Is the MBTA's 'Be Nice' Campaign Actually Working?
We’ve all seen the not-so-new-anymore MBTA ads, where mock headlines ask us to give up our seats to preggo ladies, cover our mouths when we sneeze, and clean up after ourselves when we exit the train/bus/etc.
All of this got me thinking on Wednesday at the Green Line’s Symphony station when I spotted a man’s wallet, abandoned, on a bench. Seeing as how no one is ever on duty at Symphony to accept such an item as lost and found, I decided to commit, pick it up, and gather the flashbulbs you can find out from a stranger’s wallet: state of residence (New Hampshire), age (early 20s), occupation (student, probably), and income level (a few bucks and some plastic). That turned out to be just enough info to find a likely match via Google and have a tweet and an e-mail sent out by the time we reached Brigham Circle — not even my final destination.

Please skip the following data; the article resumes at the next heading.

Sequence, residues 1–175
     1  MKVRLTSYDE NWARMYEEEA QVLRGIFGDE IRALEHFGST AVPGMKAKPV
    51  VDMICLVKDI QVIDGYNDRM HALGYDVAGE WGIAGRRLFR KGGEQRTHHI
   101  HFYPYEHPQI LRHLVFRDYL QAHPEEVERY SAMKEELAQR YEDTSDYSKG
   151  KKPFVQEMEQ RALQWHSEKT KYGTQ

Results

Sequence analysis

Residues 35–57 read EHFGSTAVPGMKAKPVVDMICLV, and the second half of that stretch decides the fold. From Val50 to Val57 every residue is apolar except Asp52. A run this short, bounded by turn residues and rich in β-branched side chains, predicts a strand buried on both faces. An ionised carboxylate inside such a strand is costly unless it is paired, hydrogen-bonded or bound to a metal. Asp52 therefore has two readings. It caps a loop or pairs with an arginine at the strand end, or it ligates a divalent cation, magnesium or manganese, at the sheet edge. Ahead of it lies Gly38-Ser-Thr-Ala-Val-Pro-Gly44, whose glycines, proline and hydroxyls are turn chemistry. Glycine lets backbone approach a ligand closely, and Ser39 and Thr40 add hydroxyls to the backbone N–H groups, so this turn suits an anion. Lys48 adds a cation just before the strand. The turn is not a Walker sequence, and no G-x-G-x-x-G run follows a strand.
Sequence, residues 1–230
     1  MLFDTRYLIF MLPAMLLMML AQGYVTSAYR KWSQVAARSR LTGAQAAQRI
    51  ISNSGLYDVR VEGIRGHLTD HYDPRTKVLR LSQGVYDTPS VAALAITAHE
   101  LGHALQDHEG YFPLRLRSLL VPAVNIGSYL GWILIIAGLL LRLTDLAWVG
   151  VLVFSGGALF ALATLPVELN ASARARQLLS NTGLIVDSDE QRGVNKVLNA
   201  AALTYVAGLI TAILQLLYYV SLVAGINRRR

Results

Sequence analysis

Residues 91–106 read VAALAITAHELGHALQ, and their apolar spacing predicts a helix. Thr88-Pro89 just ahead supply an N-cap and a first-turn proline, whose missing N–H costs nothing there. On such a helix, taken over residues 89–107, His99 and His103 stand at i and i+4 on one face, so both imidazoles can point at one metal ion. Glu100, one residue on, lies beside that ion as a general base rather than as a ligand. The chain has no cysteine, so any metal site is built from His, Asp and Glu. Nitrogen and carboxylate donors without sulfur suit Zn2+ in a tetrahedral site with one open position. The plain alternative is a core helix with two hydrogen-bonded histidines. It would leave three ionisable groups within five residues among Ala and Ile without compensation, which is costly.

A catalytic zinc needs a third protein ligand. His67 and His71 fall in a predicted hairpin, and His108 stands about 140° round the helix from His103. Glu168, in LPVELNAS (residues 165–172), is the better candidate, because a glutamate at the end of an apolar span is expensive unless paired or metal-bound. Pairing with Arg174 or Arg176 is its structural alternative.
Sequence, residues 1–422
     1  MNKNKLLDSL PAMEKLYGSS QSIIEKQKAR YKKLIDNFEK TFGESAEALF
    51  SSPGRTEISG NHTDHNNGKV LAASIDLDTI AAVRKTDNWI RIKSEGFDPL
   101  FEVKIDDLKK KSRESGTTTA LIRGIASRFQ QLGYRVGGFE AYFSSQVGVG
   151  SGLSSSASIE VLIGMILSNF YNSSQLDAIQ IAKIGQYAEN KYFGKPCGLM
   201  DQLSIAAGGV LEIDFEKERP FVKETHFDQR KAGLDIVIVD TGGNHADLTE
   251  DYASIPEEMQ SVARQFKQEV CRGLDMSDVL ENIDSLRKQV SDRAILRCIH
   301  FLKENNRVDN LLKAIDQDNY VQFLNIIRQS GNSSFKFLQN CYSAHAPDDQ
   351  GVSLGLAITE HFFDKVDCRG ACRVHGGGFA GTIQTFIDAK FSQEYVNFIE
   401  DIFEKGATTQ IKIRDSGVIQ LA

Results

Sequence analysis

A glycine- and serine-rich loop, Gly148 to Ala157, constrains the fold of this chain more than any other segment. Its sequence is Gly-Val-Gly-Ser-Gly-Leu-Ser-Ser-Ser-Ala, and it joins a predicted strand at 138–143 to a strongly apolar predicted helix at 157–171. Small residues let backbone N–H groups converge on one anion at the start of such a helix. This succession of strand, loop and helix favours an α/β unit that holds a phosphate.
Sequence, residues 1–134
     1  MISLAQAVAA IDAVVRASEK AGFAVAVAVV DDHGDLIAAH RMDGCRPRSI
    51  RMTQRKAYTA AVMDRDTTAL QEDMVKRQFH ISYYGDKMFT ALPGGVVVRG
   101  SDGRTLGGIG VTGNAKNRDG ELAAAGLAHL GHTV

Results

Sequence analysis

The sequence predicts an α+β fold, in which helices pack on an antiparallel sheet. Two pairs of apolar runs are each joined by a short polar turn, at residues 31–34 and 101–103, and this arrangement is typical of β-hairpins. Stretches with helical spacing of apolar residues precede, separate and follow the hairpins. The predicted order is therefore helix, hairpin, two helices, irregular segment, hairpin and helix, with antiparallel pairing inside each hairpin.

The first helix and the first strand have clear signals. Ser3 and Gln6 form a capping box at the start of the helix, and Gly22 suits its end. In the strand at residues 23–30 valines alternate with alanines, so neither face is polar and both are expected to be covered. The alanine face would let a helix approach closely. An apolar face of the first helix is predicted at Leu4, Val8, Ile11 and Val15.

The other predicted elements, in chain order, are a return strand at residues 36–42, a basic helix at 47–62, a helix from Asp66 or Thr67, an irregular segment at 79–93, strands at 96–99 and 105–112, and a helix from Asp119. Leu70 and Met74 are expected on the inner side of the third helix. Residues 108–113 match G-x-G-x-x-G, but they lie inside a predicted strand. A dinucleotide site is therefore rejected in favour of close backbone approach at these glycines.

We connected (power of social media, am I right?), and made arrangements for the hand-off at the office, where we exchanged our laughs, said our pleasantries, and moved on.
That’s until earlier today, when the owner of the wallet — suddenly feeling decadently rich again — sent over a bouquet of beautiful roses and a card as a thank you. Seriously, nice guy, right?
For every time something like this happens, there could be about a dozen stripped-out purses and wallets floating around the terminal, or a kid puking on your flip flops (which also did happen to me on the Green Line). But that doesn’t matter. In this city, hating on the T is a second only to hating on the Red Sox, but I don’t care — because I’m one of at least two people who are seeing the world through rose-colored glasses today, thanks to a complete stranger from the T.